Side Effects of Formaldehyde Exposure

Formaldehyde is a widely used chemical in many industries and household products. This compound is used in a variety of products such as paint, adhesives, cosmetics, pharmaceutical products, wood products, disinfectants, antiseptics and tobacco. This compound is also known as methylene oxide or methylaldehyde, and it is a colorless gas with a strong and pungent odor at room temperature. Used mainly as a chemical intermediate, formaldehyde is produced on the industrial scale by the oxidation of methanol. Formaldehyde can have various side effects on humans, based on the level of exposure.

Cans of paint with a paintbrush (Image: Martin Poole/DigitalVision/Getty Images)

Inhalation

According to the U.S. Environmental Protection Agency, the highest levels of airborne formaldehyde have been detected in indoor air, where it is released from various consumer items such as cleaning products, building materials and furnishings. The inhalation of air contaminated with formaldehyde may result in respiratory problems such as coughing, bronchitis, chest pains and wheezing. Acute exposure to formaldehyde via inhalation causes irritation in the eyes, throat and nasal cavities. Prolonged or chronic exposure to formaldehyde via inhalation may also lead to labored breathing and lesions in the lungs, potentially causing irreparable damage to the lungs. Professionals who work in constant contact with this compound should wear protective gear to avoid health issues associated with the prolonged handling of formaldehyde.

Ingestion

Formaldehyde may be present in food artificially through contamination or in nature. Ingestion of formaldehyde may cause corrosion in the gastrointestinal tract. It may also cause ulcers and inflammation in the mouth, esophagus, stomach and intestines. Severe exposure to formaldehyde through ingestion may cause abdominal pain, diarrhea and possible hemorrhage in the stomach or intestines. According to the Health Protection Agency, clinical signs include rapid breathing, yellowish discoloration of the skin, blood in the urine and kidney failure.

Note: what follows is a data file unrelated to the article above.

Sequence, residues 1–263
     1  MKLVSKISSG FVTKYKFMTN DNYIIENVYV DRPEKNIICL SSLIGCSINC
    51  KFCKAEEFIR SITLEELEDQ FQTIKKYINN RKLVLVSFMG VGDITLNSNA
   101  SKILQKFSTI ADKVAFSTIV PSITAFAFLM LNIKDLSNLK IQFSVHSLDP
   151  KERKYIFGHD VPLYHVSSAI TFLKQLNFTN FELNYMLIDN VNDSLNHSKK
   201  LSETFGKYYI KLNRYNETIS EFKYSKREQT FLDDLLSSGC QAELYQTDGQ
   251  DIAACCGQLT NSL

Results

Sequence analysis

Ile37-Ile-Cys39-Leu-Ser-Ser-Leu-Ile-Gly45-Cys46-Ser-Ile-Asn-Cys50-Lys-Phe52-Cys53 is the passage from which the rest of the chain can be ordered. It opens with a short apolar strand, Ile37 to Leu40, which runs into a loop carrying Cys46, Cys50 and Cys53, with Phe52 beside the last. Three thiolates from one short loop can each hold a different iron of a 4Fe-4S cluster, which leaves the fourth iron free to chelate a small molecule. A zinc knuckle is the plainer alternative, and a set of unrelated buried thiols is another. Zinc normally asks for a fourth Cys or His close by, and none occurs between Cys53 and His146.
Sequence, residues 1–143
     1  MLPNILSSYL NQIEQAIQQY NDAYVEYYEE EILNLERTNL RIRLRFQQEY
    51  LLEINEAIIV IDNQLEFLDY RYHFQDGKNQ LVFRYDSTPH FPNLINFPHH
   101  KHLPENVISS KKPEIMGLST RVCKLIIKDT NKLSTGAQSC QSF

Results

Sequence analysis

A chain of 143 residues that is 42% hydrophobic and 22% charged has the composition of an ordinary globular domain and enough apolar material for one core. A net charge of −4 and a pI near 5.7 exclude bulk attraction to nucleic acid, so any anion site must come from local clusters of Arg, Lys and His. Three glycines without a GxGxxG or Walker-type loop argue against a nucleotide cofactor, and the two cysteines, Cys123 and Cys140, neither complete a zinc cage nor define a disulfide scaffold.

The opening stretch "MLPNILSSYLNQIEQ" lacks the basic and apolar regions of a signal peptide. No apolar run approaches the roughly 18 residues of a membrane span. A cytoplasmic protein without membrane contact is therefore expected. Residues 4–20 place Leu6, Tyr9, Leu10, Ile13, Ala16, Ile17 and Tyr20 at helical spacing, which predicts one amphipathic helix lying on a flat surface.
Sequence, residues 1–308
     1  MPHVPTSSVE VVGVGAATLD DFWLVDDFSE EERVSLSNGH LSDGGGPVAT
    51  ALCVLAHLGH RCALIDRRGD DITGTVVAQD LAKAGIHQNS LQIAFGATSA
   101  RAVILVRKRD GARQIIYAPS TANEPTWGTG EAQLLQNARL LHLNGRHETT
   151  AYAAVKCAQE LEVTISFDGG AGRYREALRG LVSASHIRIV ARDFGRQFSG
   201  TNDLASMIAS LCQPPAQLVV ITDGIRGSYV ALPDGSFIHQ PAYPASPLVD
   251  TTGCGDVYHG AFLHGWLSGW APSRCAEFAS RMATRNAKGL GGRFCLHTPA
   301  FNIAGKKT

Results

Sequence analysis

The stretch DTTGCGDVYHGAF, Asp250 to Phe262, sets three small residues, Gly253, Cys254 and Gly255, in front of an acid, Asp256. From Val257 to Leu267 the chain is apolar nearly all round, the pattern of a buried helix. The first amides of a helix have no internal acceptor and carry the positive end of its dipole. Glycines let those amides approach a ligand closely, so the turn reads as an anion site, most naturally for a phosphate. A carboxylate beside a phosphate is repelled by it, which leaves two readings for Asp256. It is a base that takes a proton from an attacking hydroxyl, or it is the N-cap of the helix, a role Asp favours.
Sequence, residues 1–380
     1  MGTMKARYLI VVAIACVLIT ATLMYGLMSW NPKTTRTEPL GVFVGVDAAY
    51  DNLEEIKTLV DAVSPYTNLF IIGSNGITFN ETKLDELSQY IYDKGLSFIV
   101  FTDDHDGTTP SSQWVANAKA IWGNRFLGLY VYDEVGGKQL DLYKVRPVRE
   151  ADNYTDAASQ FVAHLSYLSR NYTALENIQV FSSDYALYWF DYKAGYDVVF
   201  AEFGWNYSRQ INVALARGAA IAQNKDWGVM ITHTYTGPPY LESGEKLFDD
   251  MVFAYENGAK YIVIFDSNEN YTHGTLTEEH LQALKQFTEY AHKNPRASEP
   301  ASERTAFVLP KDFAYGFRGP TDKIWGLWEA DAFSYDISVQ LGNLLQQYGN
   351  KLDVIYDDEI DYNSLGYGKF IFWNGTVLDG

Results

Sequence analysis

Skin Contact

Formaldehyde exposure to the skin can cause irritation and may burn the skin. According to the Occupational Health and Safety Agency for Healthcare in British Colombia, long-term exposure to formaldehyde can result in skin sensitization and is associated with an increased risk of cancer. Individuals with an allergy to formaldehyde are prone to have severe skin irritation; skin rash characterized by redness, cracked and dry skin; and dermatitis that may lead to scarring if left untreated. Workers who are frequently exposed to formaldehyde through the skin commonly develop allergies to the substance. This is because formaldehyde is a skin sensitizer, and once a person is sensitized to formaldehyde, contact with even a small amount of formaldehyde in any form can cause an outbreak of dermatitis.

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